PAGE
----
Written in partnership with Julia Skapik, MD, MPH, Chief Medical Information Officer, NACHC, Pedro Carneiro, MPH, Clinical Data Scientist, NACHC, and Anthony Fortenberry, MSN, RN, NEA-BC, Chief Nursing Officer, Callen-Lorde Community Health Center.
By the end of September, approximately 26,000 people had received a Mpox (MPX) diagnosis in the United States. Though the number of daily cases is starting to decline (CDC Outbreak Cases and Data), this painful virus is still straining many health centers. “Hot spots” are in California, New York, Florida, Texas, Georgia, Illinois, and other areas with large cities.
The people most impacted by MPX have been gay, bisexual, or men who have sex with men, though anyone in close, prolonged physical contact with someone who has MPX is at risk.
“Younger LGBT+ people born after 1970 are the ones getting Mopox. They didn’t get the smallpox vaccine when they were young, so one of the best things we can do is talk to them about prevention – and encourage them to get the Mpox vaccine now.” Julia Skapik, MD, MPH, CMIO, NACHC.
Staff in Community Health Centers (also called federally qualified health centers/FQHCs) are often the first line of defense to protect people from an outbreak. They also must be prepared to manage patients with symptoms. Protection, of course, starts with a strong triage system and a workplan to speed access to treatment.
Improve triage and protect health center care teams
It’s critical to gather information on the sexual health of all patients as a primary part of triage. Taking a sexual health history includes asking important questions like:
- What is your gender identity?
- When were you most recently sexually active?
- What body parts do you use when you have sex?
- Are you sexually active with one or more partners?
Considering the current MPX outbreak, it also helps to add questions about rash along with typical COVID-19 questions. An unexplained rash in genital areas may not be from a standard sexually transmitted infection, as in the past. With high-risk encounters, plan to rule-out MPX first.
If someone is suspected of having MPX during triage, providers can be alerted with a tickler in the EHR so they can grab the proper PPE. This would include a gown in addition to typical PPE for COVID.
Speed access to Mpox treatment
Access to TPOXX, the treatment for patients with severe symptoms, is arduous. Care team members are essentially enrolling a patient in a clinical trial, so patients must complete an informed consent and the care team must complete about an hour of administrative paperwork. It helps to figure-out the workflow and assign staff to complete this work before patients with severe symptoms show up at a health center for care.
Information to register a patient and get TPOXX for them can be found here: https://www.cdc.gov/poxvirus/monkeypox/pdf/Tecovirimat-IND-Protocol-CDC-IRB.pdf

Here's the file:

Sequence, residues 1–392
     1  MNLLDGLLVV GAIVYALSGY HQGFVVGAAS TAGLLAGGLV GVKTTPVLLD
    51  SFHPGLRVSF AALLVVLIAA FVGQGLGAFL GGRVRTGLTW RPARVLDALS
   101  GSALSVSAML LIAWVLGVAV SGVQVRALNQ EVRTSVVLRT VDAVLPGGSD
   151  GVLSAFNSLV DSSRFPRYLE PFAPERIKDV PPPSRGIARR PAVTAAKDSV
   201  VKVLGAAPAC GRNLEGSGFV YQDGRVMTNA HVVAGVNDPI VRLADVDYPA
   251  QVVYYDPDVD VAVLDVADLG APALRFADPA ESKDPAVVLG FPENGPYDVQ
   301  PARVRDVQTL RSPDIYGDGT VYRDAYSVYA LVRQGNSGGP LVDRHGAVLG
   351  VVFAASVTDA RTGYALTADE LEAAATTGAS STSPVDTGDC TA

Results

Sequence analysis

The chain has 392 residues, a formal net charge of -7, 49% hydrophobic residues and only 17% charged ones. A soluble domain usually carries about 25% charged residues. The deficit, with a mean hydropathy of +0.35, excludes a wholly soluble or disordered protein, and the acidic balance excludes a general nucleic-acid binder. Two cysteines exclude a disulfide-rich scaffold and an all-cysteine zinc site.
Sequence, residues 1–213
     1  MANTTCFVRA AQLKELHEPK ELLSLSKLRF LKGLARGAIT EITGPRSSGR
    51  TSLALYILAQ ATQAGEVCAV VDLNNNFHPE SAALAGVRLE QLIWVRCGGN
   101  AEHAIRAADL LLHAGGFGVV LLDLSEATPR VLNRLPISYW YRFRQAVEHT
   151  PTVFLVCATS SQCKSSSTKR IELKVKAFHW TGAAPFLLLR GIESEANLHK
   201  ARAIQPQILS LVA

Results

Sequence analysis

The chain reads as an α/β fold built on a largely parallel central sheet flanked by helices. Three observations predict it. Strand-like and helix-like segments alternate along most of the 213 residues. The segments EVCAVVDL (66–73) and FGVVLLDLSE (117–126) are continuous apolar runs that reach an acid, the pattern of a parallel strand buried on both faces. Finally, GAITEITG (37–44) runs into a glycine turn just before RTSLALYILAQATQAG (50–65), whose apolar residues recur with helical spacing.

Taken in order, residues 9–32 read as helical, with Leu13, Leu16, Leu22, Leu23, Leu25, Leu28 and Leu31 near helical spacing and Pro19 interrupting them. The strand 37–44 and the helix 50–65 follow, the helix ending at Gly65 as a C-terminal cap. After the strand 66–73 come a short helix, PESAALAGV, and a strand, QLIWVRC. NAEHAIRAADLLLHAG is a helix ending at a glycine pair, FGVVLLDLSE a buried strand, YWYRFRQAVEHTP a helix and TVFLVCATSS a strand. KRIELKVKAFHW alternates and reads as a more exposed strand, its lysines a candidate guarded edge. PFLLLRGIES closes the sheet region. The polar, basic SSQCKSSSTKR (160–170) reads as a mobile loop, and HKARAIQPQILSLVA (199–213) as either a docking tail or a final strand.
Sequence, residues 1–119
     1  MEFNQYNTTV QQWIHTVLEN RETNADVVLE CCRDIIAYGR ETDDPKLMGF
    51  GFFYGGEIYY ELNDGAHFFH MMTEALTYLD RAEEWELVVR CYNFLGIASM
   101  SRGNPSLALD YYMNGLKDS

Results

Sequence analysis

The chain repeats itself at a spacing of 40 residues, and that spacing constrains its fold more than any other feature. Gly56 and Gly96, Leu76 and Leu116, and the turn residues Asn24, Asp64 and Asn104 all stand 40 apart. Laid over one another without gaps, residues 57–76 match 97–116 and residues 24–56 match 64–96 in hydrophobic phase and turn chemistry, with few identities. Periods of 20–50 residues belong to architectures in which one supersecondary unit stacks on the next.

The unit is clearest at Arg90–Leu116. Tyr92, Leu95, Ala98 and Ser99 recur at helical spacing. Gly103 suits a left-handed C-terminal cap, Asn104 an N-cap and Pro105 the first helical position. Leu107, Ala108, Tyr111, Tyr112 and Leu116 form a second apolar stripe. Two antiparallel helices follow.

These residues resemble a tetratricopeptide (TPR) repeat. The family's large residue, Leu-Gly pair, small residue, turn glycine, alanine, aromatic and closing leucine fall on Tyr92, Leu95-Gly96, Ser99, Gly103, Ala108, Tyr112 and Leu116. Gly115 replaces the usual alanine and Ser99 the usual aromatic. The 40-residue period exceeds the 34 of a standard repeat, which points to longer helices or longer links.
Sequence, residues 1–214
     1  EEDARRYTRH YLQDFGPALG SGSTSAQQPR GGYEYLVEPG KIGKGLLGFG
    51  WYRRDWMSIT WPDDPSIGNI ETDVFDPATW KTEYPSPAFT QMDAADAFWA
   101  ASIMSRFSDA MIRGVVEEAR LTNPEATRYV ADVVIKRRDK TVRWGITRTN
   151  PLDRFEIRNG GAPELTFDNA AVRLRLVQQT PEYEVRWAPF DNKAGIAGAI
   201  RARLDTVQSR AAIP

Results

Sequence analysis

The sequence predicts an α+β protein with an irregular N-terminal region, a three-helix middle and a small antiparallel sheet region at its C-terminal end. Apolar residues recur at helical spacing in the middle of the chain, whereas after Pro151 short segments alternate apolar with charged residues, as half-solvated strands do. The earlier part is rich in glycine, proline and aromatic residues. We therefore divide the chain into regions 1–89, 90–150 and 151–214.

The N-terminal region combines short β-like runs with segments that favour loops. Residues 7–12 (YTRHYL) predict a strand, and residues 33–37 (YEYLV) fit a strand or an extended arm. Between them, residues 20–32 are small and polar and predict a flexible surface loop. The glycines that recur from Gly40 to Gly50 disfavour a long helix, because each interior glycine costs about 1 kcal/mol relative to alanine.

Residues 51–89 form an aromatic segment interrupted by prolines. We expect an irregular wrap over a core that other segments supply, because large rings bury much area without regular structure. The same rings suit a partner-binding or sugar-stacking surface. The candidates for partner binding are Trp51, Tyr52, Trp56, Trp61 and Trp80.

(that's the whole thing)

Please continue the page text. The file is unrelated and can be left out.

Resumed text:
“One of our keys to success was establishing a very close relationship with the NYC Dept. of Health. Early in the outbreak we were texting our local health department to learn how much vaccine and treatment we could access, and to keep us informed about rapidly changing guidelines. We created a text chain with the Dept. of Health, other FQHCs and Chief Nursing Officers. –This was incredibly helpful because we learned from each other about how to manage changes.” Anthony Fortenberry, Chief Nursing Officer, Callen-Lorde Community Health Center
Treatment requires more than just a prescription
While the protocol for Mpox care instructs patients to quarantine for 2-4 weeks, we know that’s not always possible. Some patients who must quarantine have paid leave, but many don’t. Sometimes they need access to resources like a local food bank or case management services.
Stigma is a real concern for patients with MPX. To create less stigma in the clinical environment, staff should learn how MPX is transmitted (through sustained contact with a symptomatic patient’s lesions) and how it’s not (elevator buttons, shared pens). Patients should not be made to feel ashamed and rushed to an isolation room.
“Health center staff have an opportunity to provide culturally competent care to their LGBTQ+ patients. If someone’s not sure what to do, the Infectious Diseases Society of America and NACHC offer training materials that help care teams learn how to be sensitive to issues like these.”Julia Skapik, MD, CMIO, NACHC
To support care teams, NACHC pulled together some useful information for quick access:
NACHC works closely with Infectious Diseases Society of America, HRSA, CDC, the National Coalition of STD Directors, ASTHO, the White House, and advocacy stakeholders on the Mpox response. Information about NACHC’s upcoming webinar on this topic is coming soon.
PHOTO CREDIT: William J. Nazareth, Jr.